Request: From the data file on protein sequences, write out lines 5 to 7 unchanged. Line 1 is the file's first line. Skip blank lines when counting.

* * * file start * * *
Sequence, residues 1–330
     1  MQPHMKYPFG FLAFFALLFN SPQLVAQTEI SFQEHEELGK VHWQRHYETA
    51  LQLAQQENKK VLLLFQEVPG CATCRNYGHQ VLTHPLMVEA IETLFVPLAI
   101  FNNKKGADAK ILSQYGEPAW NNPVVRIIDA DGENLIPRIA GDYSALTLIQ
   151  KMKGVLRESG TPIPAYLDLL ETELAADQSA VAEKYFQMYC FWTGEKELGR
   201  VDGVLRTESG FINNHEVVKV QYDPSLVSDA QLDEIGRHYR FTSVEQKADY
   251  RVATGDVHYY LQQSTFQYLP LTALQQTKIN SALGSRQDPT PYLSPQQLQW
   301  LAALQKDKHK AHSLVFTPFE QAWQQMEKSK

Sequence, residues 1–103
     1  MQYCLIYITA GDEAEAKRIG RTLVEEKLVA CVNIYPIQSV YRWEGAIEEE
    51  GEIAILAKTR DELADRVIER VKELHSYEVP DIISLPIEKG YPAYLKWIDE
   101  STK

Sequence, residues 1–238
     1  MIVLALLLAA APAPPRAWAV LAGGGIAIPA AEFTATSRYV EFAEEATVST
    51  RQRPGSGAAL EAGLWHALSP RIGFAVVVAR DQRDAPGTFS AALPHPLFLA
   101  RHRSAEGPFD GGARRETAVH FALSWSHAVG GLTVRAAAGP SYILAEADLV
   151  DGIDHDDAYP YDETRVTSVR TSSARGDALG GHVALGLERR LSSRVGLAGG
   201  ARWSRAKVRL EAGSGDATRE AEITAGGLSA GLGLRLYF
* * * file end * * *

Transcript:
   151  KMKGVLRESG TPIPAYLDLL ETELAADQSA VAEKYFQMYC FWTGEKELGR
   201  VDGVLRTESG FINNHEVVKV QYDPSLVSDA QLDEIGRHYR FTSVEQKADY
   251  RVATGDVHYY LQQSTFQYLP LTALQQTKIN SALGSRQDPT PYLSPQQLQW